Investing in companies where you understand the business model, and can easily attribute value, is an approach that has served Warren Buffett well for over 50 years
Whilst Buffett invests predominately in US companies, the same approach can be applied to some leading UK stocks. Here are three FTSE 100 companies that I will be adding to my own portfolio.
Amongst the rapidly evolving UK business and domestic delivery sector, Royal Mail (LSE: RMG) is positioned as the only universal delivery operator, providing mail delivery, as well as parcel delivery and logistics services through its Parcelforce and GLS Systems divisions.
Unlike its new streamlined competitors, Royal Mail is distracted to an extent by legacy issues. Its attempts to focus on the growth of its GLS Logistics division are well founded, but at the same time it also needs to reduce its cost base, with over 700 managers currently set to leave the company as part of an estimated £70m restructure.
Revenues last year fell by 2.4% and performance in recent months has been impacted by issues including staff resourcing (due to the latest Covid variant). It is, however, worth noting that these revenue numbers were still ahead of pre-pandemic levels.
Despite these headwinds, management appear to be making progress and at a price-to-earnings (P/E) ratio of 8.6x, the share price may have been overly castigated. Although not without downside risk, this is a business where I believe Buffett would also see value at 441p.
Bunzl (LSE: BNZL) is a quiet giant, whose myriad of consumer products are used worldwide on a daily basis. It is a global leader in the supply of packaging materials, although the bulk of its profits are generated in North America and European markets.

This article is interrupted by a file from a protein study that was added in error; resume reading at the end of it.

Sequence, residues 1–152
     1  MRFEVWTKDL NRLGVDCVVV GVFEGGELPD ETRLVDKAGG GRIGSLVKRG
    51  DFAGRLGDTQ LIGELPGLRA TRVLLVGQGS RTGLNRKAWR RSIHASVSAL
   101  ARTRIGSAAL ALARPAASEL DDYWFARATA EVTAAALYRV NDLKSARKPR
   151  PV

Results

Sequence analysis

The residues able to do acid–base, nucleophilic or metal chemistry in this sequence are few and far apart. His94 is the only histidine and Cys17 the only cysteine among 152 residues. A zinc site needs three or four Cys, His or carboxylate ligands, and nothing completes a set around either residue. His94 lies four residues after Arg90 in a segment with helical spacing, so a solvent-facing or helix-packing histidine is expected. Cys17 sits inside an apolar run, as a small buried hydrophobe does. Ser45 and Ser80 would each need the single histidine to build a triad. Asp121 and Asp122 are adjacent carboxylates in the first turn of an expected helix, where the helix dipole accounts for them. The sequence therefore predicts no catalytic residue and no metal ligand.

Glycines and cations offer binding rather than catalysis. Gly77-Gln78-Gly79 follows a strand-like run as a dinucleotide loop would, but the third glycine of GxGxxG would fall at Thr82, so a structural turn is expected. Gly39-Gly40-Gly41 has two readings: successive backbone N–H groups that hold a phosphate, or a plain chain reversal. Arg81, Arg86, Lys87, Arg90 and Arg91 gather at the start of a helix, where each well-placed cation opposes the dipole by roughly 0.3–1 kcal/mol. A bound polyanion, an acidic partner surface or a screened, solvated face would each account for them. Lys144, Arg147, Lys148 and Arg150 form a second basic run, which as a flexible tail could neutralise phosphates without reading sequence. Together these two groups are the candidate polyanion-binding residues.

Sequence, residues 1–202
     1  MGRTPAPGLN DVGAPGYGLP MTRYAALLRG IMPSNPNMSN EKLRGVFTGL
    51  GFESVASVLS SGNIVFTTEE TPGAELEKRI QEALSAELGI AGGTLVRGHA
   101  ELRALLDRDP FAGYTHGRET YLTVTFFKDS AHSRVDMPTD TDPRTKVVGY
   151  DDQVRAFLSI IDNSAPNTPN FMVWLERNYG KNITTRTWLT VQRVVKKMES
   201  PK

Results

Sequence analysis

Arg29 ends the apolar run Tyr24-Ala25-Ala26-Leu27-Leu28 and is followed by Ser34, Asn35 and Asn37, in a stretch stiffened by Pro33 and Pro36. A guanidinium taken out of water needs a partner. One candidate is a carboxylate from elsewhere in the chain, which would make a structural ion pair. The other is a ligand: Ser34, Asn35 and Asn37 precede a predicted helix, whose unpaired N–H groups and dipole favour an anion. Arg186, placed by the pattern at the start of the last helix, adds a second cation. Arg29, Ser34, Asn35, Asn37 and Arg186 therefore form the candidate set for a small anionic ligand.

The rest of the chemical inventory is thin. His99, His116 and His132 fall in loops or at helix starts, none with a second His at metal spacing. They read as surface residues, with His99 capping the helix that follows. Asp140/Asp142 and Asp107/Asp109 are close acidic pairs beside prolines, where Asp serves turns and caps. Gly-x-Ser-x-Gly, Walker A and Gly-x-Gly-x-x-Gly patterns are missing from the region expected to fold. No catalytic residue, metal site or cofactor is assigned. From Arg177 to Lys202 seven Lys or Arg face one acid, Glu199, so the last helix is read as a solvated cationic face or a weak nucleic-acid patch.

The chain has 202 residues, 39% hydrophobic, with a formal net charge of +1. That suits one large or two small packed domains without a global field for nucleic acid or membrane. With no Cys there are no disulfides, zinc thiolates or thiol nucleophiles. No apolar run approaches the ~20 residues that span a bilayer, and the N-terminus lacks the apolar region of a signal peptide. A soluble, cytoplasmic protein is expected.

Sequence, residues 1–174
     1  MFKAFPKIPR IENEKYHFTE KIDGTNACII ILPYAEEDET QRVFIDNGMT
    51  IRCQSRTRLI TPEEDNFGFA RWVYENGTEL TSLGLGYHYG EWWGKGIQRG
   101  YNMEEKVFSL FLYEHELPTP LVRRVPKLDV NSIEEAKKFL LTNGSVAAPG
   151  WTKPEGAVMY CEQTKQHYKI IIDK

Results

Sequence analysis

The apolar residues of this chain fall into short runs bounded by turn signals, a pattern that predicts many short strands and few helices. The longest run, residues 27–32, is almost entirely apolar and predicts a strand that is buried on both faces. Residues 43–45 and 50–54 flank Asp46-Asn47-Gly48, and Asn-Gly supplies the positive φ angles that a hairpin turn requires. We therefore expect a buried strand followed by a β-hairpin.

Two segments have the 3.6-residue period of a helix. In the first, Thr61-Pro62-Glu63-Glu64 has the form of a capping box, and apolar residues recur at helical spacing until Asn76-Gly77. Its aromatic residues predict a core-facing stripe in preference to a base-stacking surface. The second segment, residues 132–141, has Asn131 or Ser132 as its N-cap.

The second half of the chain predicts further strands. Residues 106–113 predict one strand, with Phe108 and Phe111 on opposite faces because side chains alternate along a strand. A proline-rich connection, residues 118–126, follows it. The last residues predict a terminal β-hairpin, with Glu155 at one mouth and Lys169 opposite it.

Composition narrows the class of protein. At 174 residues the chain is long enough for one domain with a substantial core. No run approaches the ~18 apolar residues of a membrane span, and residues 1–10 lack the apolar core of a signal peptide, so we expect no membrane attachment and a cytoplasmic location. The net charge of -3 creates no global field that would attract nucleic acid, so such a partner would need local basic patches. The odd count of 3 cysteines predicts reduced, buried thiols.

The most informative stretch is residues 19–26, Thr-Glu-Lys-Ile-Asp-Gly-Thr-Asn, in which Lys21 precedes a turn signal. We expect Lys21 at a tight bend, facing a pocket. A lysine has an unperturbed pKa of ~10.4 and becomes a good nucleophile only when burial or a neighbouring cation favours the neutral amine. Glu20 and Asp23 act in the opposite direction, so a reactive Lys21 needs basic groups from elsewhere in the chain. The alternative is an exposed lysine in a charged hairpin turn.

There is, however, a lot more to Bunzl than just packaging, and its diversified revenue base is evidenced by the fact that a whopping 64% of its total revenue is now generated from other products.
I like the fact that Bunzl is at the forefront in the supply of recyclable and compostable packaging. This means that it has limited exposure to the tough new regulations on consumer items, such as single-use plastics, whilst the company is working hard with customers on transitioning their other products to sustainable materials.
Threats include global supply chain issues, rising raw material prices and spiralling fuel costs. I have confidence, however, in Bunzl to ride out the storm, and at 2,744p it appears good value to me.
Another company investing heavily in the future, BT (LSE: BT.A) is attempting to shrug off a period of lacklustre performance over the past five years.
The shining light for the future appears to be its Openreach fibre business, which is gaining clients at pace, on the back of substantial capital investment (£1.2 billion in the last reported quarter alone).
Across its UK consumer businesses, levels of customer retention and the quality of its EE mobile network are further positives, although the disappointing performance of its Global business has been a drag on results and could continue to weigh on the share price.
Billionaire investor Patrick Drahi, with a 12.1% stake, appears to have a positive view on BT and this is mirrored by analyst forecasts.
At a price of 199p and a P/E ratio of 10.5x, BT seems good value to me.